Just like there are thousands of stocks to pick, there are hundreds of stock picking systems. And more are being created all of the time.
But just like most stocks, most of them are not worth your time.
This article will tell you what is wrong with most stock picking systems and what to look for in a system that works. There are basically three fundamental mistakes that need to be avoided.
1) Choosing a system that is too narrow.
2) Choosing a system that is too broad.
3) Choosing a system that is too inflexible.
Mistake #1: Picking a System that is too narrow
Some systems will base their entire strategy on just technical indicators, multi-day candlestick patterns, or some form of divergence. The problem is that all of these systems are only using two factors: price and volume.
Imagine if you were about to invest in a horse that competed in racing. Would you be satisfied with only the weight and speed of the horse? No matter how you graphed those two variables, they are only two criteria. You should also be interested in the breed of the animal, the competition it was racing against, the jockey’s qualifications, and the horse’s age, to name just a few important details.
Most stock systems do not factor in anything but price movement and volume. These systems do not screen for overall market conditions, industry type, company specifics such as profitability, and much more. You need to take in the factors that matters as we investing is more than finding a magical pattern that you hope will be like Midas’s touch. Finding the right stock and timing your buy and sells takes expertise and common sense.
Mistake #2: Picking a System that is too broad
A stock system should not be too broad in its scope. Many well intentioned professionals give vague tips and broad guidelines to follow. Why? Most are afraid of being wrong. You cannot be right all the time but this is exactly what they may try to do. By giving too many choices they always leave themselves a back-door to rationalize, after the fact, that they were still right.
You need to covers many areas, but also recognize the need to give precise signals to buy and sell. Is it right all the time? Of course not, but you also do not need to be to make amazing gains. You merely need to know the secret of riding the profits as long as possible while minimizing your losses and cutting them short.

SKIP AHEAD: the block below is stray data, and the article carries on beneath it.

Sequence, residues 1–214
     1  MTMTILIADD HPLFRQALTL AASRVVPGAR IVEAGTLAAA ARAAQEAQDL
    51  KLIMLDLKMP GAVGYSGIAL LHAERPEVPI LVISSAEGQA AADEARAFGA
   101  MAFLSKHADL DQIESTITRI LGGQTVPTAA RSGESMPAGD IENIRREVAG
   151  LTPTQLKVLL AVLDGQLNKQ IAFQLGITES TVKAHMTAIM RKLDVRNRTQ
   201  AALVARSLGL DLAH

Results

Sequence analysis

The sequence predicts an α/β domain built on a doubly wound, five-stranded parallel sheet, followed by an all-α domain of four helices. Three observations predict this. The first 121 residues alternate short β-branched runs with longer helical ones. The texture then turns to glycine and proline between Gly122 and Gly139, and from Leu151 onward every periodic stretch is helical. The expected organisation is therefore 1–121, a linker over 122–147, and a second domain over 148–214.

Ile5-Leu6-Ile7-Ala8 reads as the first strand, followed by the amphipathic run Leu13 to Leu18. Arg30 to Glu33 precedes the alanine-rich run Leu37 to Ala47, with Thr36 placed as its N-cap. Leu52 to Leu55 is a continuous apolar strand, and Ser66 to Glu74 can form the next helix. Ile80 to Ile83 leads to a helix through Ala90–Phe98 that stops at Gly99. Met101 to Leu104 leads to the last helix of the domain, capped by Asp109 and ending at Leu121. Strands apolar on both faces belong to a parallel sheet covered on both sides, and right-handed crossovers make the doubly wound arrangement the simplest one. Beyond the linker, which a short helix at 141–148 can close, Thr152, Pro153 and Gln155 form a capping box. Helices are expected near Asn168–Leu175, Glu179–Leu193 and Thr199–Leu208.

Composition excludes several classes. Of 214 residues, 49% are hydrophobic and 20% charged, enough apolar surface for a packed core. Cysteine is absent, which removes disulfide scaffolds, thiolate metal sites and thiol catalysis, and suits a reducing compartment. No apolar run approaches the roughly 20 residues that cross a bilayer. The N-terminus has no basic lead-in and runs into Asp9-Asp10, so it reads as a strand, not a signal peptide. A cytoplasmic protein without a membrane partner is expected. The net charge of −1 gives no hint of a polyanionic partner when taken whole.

At the end of the day you want an expert opinion that is clear and precise. That is what you get if you find a system that is neither too narrow nor too broad.
Mistake #3: Picking System that is too inflexible
Most stock picking systems available now come as plug-ins to an automated piece of software. While helping to automate the process it also takes the power away from you as the investor. What happens when the market changes? Does your rigid piece of software change with it? Will you be able to detect what variables have changed and alter them to keep your profitable streak or will you keep hoping while it drains your account?
As well, all investors are different. Your system should be able to conform to your ideologies and values and not the other way around.
You need a system that adapts to you. Are you into high reward with higher risk? You can alter this system for making a double-bagger each month while raising your risk levels. Do you prefer to buy and hold winning stocks for a longer period of time and squeeze every last cent from it and only trading a few times per year? Do you prefer to trade the best of the gold stocks, or high tech, or some other industry?
The best system takes the best of the stock market and fits it to your goals, comfort levels, and style.
The Solution is to Ask the Right Questions
When it comes to picking stocks you need a system, and you need a system that avoids the three mistakes. The best option is to find a stock picking system that provides to you the control and precision that you need to win the investment game.
Do some search engine research with the terms “stock picking system” and you will find lots of possibilities. You need to evaluate them by asking the right questions. Make sure you ask if the systems you are looking at provide precision and adaptability. When you find the system that answers those questions, you have found your solution.